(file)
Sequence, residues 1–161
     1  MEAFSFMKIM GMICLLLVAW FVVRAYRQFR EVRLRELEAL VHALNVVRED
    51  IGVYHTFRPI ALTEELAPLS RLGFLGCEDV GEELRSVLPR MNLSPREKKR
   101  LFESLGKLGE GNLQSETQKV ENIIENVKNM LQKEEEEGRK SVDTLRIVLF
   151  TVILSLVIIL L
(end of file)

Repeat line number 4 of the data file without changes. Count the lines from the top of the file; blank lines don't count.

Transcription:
   101  LFESLGKLGE GNLQSETQKV ENIIENVKNM LQKEEEEGRK SVDTLRIVLF